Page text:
With the rebate rule off the table, the Trump Administration is likely to increase focus on its proposed International Pricing Index (IPI) rule, which has seen increasing resistance from Congress, with Senator Chuck Grassley (R-IA), Chair of Senate Finance Committee, recently expressing his opposition to IPI. The proposed IPI model would link Medicare Part B reimbursement rate to a basket of international drug prices.
Implications and Strategic Considerations for Life Sciences Companies
An opportunity exists for life sciences companies to reassess their educational offerings for both providers and patients around the implementation of both POS discounts and RTBTs. Patients and providers will increasingly be engaged in balancing value at the individual level. It is important too, to remain aware that patients may have varying access to these tools based on their insurance coverage. Additionally, for Medicare Part D, the addition of alternative therapies to EOBs based on cost for January 1, 2021 should be considered.
For providers using RTBTs, it will be important for them to understand the system capabilities and how they can assist with their existing workflow. The RTBT will enable cost conversations that may not otherwise happen and based on pricing may help to advantage certain products that may not otherwise be considered.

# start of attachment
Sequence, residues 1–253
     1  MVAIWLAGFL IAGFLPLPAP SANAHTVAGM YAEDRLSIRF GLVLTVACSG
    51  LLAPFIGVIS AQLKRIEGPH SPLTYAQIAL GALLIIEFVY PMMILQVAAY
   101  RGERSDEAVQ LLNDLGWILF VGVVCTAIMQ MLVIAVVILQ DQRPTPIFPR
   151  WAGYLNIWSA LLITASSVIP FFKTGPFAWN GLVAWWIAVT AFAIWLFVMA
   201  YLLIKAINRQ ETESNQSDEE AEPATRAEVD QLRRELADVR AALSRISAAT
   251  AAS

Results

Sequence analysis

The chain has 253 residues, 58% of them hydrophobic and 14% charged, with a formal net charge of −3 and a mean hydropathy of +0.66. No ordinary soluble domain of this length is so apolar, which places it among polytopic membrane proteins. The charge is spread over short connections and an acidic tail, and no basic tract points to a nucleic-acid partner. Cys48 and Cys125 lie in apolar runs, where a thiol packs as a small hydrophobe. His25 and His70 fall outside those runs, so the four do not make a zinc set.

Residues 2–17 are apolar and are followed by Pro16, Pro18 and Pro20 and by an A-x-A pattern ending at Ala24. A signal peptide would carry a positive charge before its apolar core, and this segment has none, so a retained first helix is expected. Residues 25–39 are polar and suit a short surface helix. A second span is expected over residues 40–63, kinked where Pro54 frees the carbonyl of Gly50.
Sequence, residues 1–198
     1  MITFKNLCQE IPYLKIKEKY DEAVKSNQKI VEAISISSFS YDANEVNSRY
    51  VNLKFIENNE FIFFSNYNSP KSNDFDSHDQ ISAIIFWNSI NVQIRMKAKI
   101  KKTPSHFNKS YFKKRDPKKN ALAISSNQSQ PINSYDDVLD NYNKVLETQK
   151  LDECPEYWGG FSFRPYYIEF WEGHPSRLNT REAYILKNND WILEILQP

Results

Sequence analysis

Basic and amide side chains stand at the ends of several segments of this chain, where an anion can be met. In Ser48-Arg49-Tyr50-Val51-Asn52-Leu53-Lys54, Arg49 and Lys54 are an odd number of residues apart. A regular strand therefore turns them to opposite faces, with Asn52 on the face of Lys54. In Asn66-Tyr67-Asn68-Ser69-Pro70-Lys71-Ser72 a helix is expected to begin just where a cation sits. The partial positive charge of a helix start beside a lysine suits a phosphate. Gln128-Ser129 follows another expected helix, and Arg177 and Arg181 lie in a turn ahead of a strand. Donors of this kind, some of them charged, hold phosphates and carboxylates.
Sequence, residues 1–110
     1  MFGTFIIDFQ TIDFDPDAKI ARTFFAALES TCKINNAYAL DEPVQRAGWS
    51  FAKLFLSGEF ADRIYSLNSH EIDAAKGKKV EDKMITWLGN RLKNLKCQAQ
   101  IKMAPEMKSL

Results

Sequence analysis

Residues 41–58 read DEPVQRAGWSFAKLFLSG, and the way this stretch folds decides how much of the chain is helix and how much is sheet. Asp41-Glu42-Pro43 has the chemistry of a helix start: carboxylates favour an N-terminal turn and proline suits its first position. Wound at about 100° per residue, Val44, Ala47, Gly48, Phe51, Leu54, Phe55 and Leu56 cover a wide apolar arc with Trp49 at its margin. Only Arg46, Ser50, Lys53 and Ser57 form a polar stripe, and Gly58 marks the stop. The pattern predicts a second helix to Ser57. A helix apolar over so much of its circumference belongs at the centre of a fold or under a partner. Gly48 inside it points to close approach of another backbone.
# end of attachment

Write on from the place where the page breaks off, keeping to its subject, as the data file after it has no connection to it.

For patients using RTBTs, it will be important for patients to know these tools exist, that they can help them save money, and that they can inquire about them. Such tools would likely help patients adhere to their prescribed medications by mitigating costs.
As more commercial payers adopt both POS discounts and RTBTs, it will be important to track uptake and evolve product strategies based on both advantages and disadvantages faced by products if favored or disfavored by these market dynamics.
DRG is continuing to monitor the many facets of the evolving pricing transparency landscape and will be releasing a series of posts that delve deeper into some of the issues flagged here.
DRG Consulting is a leading insights, analytics, and advisory services business focused on helping life sciences companies to advance innovations and navigate the complex global healthcare environment.
Authors: Brian Corvino, Managing Partner, DRG Consulting and Jon Larsen, Policy Practice Lead, DRG Consulting